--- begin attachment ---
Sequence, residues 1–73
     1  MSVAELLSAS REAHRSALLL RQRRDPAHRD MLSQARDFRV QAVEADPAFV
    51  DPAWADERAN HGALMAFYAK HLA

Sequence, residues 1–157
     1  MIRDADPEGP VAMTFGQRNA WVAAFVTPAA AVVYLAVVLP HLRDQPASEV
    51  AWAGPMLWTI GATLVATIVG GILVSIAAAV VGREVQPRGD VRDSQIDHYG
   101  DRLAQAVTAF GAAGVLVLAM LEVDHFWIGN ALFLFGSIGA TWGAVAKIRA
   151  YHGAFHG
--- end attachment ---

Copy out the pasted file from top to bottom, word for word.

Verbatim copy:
Sequence, residues 1–73
     1  MSVAELLSAS REAHRSALLL RQRRDPAHRD MLSQARDFRV QAVEADPAFV
    51  DPAWADERAN HGALMAFYAK HLA

Sequence, residues 1–157
     1  MIRDADPEGP VAMTFGQRNA WVAAFVTPAA AVVYLAVVLP HLRDQPASEV
    51  AWAGPMLWTI GATLVATIVG GILVSIAAAV VGREVQPRGD VRDSQIDHYG
   101  DRLAQAVTAF GAAGVLVLAM LEVDHFWIGN ALFLFGSIGA TWGAVAKIRA
   151  YHGAFHG